Due to the immense popularity of social media web services such as Facebook and Twitter, some employers have recently begun to require employees and applicants to provide their passwords or otherwise allow access to their social media accounts. The Illinois Legislature has now put a stop to that practice.
On Aug. 1, Illinois amended the Right to Privacy in the Workplace Act to prohibit employers from demanding access to employees’ and job applicants’ social media accounts. The law goes into effect Jan. 1, 2013.
H.B. 3782 will prohibit employers from requesting or requiring an employee or applicant to provide any password or other related private account information in order to gain access in any manner. In addition, employers are not permitted access to social media accounts under any circumstances, including work-related investigations of misconduct or harassment or for other legitimate business reasons. The law contains no exceptions.
Note: The law does not prohibit employers from obtaining information about employees and applicants that is in the public domain. It also does not ban workplace policies governing the use of employers’ electronic equipment, nor does it prohibit employers from monitoring how employees use the employers’ electronic equipment and email.
Penalties for violating law
An employee or applicant may file a complaint alleging employer violations with the Illinois Department of Labor (IDOL). After investigating the complaint, IDOL may file an action in court to enforce the provisions of the act. Employees or applicants may also file a private action in court to enforce the act.
The law provides for actual damages, costs and attorneys’ fees.
Employers are prohibited from retaliating or discriminating against employees or applicants for making a complaint or instituting a proceeding under the act.
In passing this law, Illinois became the second state (after Maryland) to prohibit employers from demanding access to social media accounts. The law reflects current nationwide trends on this issue. Similar legislation has been introduced in other states including California, Delaware, Massachusetts, Michigan, Minnesota, Missouri, New Jersey, New York, Ohio, Pennsylvania, South Carolina and Washington.
In addition to these state laws, two federal laws have been introduced:
- The Social Networking Online Protection Act would prohibit employers from requiring or requesting an employee or applicant to provide a password or other means for accessing a private email account or personal account on a social networking site.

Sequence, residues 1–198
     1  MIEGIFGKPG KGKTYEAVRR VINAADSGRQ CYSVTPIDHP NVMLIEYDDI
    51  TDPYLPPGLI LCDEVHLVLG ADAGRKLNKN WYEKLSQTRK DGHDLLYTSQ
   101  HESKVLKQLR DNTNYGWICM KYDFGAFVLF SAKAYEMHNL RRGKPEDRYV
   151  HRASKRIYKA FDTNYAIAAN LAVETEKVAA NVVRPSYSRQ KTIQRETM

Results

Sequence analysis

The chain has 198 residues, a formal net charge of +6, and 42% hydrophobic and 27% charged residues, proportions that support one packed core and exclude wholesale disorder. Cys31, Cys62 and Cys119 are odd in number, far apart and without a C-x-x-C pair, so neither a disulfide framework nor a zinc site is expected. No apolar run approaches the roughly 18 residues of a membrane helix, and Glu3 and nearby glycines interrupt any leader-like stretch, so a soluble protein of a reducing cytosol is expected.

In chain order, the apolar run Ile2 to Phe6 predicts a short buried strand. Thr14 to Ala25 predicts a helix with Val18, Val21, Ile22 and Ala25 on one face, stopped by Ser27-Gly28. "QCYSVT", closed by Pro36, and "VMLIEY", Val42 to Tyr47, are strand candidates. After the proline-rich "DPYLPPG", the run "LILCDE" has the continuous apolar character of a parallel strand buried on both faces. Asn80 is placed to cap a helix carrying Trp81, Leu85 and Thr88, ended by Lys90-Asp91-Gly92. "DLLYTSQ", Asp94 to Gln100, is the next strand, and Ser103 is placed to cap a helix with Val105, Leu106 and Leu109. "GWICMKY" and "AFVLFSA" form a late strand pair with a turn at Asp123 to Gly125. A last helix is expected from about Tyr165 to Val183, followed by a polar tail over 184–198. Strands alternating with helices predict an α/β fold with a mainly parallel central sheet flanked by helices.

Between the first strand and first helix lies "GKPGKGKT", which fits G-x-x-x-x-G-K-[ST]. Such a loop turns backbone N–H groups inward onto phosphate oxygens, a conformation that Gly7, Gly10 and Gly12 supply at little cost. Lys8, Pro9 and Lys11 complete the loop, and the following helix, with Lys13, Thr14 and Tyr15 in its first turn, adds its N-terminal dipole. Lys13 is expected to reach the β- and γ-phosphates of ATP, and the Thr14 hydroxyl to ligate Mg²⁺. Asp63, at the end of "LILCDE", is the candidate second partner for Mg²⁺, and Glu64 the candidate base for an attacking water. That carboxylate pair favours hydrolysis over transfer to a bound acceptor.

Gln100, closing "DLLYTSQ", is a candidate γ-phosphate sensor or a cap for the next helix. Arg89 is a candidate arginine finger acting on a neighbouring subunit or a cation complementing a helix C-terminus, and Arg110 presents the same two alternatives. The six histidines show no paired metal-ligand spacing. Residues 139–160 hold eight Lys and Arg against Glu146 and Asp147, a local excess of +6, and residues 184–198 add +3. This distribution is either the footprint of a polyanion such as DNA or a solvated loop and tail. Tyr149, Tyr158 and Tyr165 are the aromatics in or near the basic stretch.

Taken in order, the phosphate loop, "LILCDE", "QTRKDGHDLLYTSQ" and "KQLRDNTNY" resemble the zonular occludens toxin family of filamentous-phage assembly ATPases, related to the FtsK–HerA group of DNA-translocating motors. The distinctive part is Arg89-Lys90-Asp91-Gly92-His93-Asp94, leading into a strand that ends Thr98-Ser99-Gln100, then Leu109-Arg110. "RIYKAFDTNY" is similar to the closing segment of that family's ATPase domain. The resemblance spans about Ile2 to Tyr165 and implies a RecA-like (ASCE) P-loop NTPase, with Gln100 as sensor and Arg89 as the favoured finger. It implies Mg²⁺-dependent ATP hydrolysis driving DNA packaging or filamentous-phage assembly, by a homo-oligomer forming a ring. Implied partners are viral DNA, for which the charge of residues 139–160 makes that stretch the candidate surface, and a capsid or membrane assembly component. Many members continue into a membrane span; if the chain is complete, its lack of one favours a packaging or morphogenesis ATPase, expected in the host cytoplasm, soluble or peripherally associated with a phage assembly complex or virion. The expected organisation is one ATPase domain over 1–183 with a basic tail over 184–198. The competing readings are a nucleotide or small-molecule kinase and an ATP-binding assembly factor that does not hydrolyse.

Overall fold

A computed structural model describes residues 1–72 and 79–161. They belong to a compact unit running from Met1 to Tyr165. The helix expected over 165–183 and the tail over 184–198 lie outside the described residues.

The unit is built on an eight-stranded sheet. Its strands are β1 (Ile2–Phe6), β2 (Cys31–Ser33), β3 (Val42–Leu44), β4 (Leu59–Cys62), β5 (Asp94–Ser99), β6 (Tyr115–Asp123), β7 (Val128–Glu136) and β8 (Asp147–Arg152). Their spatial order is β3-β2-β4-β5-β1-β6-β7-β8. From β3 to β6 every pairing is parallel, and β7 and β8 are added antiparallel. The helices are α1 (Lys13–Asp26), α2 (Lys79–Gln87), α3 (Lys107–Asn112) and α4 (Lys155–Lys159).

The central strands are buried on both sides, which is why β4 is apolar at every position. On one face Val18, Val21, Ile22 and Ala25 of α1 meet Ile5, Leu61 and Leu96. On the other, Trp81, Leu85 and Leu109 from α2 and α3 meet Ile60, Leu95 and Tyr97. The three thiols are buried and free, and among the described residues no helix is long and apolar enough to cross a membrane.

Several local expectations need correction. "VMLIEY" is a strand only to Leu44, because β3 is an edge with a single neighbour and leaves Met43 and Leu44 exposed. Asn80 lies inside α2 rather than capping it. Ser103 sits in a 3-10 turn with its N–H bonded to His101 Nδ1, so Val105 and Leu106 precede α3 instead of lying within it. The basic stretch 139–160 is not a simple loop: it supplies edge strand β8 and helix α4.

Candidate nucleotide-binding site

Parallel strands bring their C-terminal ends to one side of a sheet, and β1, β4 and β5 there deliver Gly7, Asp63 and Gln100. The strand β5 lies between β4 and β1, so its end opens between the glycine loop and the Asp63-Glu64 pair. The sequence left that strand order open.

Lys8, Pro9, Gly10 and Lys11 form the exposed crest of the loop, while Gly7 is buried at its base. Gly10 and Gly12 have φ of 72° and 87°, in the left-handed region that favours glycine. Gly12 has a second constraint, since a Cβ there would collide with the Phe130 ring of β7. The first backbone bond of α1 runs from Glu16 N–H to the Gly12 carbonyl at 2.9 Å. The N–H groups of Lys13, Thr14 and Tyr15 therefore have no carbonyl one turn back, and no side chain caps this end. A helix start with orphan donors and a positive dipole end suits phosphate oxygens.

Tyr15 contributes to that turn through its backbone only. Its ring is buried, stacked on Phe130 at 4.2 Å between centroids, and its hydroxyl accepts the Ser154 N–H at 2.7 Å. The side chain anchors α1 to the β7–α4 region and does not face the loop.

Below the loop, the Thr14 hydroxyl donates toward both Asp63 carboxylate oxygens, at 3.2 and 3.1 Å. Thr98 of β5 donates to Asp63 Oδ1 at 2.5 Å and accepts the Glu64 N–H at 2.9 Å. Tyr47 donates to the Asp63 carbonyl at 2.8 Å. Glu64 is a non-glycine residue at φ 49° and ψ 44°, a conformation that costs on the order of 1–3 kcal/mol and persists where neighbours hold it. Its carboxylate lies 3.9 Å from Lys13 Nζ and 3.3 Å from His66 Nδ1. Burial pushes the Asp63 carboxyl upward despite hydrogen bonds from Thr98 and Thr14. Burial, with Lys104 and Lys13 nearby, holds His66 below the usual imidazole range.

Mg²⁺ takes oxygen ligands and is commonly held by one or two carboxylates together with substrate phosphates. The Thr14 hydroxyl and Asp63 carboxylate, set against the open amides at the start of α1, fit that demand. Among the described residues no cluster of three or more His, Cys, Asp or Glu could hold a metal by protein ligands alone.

- The Password Protection Act of 2012 would prohibit employers from compelling or coercing any person to provide a password or similar information to access a protected computer that is not owned by the employer.
What it means for employers
So what are employers to do with this constantly changing legal landscape? First, immediately stop any practice that demands access to employees’ and applicants’ social media accounts.
Now is the time to take steps to ensure you are compliant with the law when it goes into effect. Review your policies, employment applications and any other applicable documents to ensure they do not violate the new law. If necessary, revise your documents to clarify that employer access to social media accounts is strictly prohibited.
Second, make sure that supervisors, managers and HR staff are aware of the new law and how to comply with it. Provide training so they understand the restrictions on accessing social media accounts while conducting interviews or other hiring procedures, performing investigations and taking disciplinary action.
If you have employees in several states, stay informed about the status of social media access laws that may apply outside Illinois. In addition, understand the variations and nuances in different state laws that exist today or may be passed in the future. That way, your policies and practices can be tailored to satisfy the relevant legal requirements.
Regardless of whether a state has a law prohibiting employer access to social media accounts, you are advised not to try to access such information.
Generally speaking, you may still legally access “public” information that appears in a social media profile. However, risks remain in doing so. Obtaining personal information about an individual from a social media profile could open you up to liability for privacy, discrimination or retaliation claims.
A good rule of thumb is to only seek information from applicants and employees that is specific to the particular job and the individual’s ability to perform the job. Personal information included in a social media profile generally is not job-related. It’s best to collect applicant information through other methods such as interviews, tests and background and reference checks.
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